The IWW opposed both the War and conscription and demanded worldwide labor solidarity against the capitalist class. It sought to organize all workers, regardless of ethnic origin. That position strengthened it among immigrant mine workers and cross-border Mexican laborers.
In Mexico, a major copper mine strike had occurred in 1906 across the border from Bisbee in Cananea, Sonora, where the mine was owned and operated by an American, William C. Greene. That strike is considered a harbinger of the Mexican Revolution that began in 1910. The revolutionary forces by 1915 were divided into three factions. Venustiano Carranza assumed the presidency with peasant leaders Francisco Villa and Emiliano Zapata vying for power in opposition. US President Wilson recognized the Carranza government in October 1915 in a move to diminish the power and influence of the Villa and Zapata forces.
In response, in March 1916, Villa’s bands crossed the border with 1500 men, raided the town of Columbus, New Mexico, killed 19 people and left the town in flames before retreating back across the border. President Wilson sent an expeditionary force under General John J. Pershing into Mexico to pursue Villa, unsuccessfully and with no opposition from Carranza. That incident was widely publicized in the US press.
Then in January 1917, the Zimmermann telegrams, were made public. That secret German diplomatic initiative proposed an alliance between Germany and Mexico in the War, with the return to Mexico of its former lands taken by the United States in the 19th Century, assuming that United States would be defeated in the War.
The combination of these incidents made it easier for the US press to associate both the Mexican revolutionaries and the striking copper miners with German interests. Recent research in German archives has revealed no German role in either the border raids or the mineworkers strikes. Moreover, the Carranza government, officially neutral, was quietly negotiating with both the Germans and the United States, but never seriously considered entering the War on the side of Germany.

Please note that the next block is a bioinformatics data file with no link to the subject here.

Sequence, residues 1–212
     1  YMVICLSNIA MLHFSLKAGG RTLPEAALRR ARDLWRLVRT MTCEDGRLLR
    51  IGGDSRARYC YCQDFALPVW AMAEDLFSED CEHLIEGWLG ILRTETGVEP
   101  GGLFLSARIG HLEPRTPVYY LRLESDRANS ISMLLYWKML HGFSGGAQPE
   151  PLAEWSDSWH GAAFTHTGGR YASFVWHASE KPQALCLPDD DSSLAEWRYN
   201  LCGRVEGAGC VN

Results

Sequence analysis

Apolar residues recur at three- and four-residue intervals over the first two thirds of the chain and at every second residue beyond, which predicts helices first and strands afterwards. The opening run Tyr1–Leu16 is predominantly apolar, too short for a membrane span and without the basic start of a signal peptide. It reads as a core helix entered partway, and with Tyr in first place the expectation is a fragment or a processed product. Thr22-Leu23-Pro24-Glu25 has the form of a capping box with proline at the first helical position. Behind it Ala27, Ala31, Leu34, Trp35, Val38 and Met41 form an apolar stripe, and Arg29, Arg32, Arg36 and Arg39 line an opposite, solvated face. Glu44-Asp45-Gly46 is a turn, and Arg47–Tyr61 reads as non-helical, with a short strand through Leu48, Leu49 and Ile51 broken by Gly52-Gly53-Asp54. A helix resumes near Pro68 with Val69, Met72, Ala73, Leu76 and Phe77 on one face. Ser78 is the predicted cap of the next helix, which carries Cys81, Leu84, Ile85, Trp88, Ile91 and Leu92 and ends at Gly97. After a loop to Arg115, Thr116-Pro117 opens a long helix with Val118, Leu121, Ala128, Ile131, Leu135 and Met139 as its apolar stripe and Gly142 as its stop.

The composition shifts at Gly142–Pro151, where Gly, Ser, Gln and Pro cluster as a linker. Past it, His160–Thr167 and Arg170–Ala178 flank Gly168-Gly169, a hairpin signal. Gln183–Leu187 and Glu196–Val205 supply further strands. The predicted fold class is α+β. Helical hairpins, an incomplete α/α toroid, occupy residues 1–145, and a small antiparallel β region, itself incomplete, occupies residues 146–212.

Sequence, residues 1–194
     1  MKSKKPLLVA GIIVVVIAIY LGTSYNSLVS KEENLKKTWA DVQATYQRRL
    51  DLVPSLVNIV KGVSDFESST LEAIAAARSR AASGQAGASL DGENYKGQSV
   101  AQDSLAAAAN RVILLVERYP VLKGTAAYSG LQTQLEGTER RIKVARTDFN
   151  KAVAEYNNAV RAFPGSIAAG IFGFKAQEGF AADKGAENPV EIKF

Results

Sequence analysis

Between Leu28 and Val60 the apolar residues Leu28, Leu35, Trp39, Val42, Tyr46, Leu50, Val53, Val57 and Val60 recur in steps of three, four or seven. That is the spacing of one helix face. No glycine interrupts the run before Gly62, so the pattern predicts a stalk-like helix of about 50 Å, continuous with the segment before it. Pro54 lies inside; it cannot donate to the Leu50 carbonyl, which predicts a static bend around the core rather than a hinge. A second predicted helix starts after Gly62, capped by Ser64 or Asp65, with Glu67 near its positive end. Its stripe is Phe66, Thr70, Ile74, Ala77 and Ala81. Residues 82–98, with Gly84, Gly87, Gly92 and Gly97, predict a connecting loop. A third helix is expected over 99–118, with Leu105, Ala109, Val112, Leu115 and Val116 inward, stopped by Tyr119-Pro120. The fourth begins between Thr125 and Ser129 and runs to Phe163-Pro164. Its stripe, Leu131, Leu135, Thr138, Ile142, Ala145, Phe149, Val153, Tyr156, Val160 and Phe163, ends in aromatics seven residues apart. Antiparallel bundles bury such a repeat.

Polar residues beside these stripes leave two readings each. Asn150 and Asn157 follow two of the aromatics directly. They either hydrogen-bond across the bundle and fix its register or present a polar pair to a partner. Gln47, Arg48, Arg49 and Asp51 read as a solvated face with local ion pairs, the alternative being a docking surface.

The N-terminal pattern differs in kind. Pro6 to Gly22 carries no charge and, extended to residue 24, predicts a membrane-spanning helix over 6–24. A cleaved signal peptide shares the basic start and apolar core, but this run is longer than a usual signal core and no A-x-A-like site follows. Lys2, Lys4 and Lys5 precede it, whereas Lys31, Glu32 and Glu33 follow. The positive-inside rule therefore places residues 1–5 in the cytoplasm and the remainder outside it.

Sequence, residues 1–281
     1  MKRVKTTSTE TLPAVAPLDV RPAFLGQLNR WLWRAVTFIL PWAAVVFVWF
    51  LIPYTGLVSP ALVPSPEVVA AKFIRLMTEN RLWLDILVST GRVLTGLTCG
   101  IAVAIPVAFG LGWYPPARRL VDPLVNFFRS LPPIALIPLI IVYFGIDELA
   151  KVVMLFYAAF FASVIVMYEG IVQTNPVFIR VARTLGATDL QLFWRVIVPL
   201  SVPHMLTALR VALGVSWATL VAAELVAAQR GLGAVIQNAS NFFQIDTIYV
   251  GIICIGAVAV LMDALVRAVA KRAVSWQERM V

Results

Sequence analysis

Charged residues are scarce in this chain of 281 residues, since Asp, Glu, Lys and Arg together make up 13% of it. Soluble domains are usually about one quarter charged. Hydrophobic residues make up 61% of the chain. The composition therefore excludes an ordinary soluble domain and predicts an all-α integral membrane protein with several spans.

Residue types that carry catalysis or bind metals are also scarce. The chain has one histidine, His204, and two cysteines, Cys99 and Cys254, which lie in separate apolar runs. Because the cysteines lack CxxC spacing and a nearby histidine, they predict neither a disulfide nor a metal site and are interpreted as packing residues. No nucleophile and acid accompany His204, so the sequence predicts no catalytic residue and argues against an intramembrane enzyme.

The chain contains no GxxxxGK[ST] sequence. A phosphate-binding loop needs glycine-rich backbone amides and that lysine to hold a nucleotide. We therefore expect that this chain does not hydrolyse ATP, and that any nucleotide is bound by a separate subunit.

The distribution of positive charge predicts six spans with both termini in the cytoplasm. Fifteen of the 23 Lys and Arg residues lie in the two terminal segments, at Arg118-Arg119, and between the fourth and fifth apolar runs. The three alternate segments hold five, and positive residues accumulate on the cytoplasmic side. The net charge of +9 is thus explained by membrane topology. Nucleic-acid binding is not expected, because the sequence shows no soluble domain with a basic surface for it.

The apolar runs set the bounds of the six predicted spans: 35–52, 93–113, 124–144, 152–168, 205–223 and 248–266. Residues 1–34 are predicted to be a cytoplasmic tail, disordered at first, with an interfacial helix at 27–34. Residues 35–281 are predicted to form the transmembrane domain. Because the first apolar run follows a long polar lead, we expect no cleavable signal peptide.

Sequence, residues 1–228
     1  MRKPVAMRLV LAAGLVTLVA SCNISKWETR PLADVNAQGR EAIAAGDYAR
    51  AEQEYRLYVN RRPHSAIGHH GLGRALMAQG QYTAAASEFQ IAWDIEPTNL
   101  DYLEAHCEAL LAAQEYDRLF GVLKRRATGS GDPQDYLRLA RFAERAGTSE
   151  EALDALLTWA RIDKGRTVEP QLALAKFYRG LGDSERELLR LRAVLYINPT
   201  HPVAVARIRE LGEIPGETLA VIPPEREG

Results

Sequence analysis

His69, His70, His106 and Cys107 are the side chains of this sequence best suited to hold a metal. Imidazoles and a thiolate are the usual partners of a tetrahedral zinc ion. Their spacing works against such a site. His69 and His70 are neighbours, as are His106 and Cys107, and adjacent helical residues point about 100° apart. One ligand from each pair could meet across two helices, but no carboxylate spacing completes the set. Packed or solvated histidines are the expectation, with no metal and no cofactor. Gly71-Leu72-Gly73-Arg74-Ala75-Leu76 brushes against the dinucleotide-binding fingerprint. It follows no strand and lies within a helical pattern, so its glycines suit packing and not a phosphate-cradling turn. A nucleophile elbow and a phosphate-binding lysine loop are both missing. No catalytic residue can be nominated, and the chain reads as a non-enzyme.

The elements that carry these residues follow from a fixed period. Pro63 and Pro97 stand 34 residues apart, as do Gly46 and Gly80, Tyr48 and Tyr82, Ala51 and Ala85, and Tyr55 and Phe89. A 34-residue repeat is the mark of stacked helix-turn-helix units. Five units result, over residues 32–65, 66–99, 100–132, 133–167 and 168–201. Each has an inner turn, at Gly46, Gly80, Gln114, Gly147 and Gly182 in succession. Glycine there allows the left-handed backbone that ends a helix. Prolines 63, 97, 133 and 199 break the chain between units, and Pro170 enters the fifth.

An IWW-led strike at a Phelps Dodge copper mine in Jerome, Arizona, began on July 6, but was opposed by the IUMMSW, thus dividing the Jerome Miners Union, many of whom belonged to both unions. Violence ensued, and on July 10, several hundred armed non-IWW mine workers along with other local citizens rounded up 104 IWW members and hauled them off to the Jerome jail. Following intervention by Governor Campbell, 37 were released on promises of “good behavior” and returned to work. The remaining 67 mine workers were taken forcibly to Jerome Junction, 27 miles away, where they were met by Deputy Sheriff John H. Robinson and a large number of armed posse who loaded them onto a Santa Fe Railroad train bound for Needles, California. Some declared their intention to return to Jerome, but few ever did. This prior deportation set the stage for the larger one in Bisbee two days later. The decision to deport the striking mine workers in Bisbee came in an order from Walter Douglas.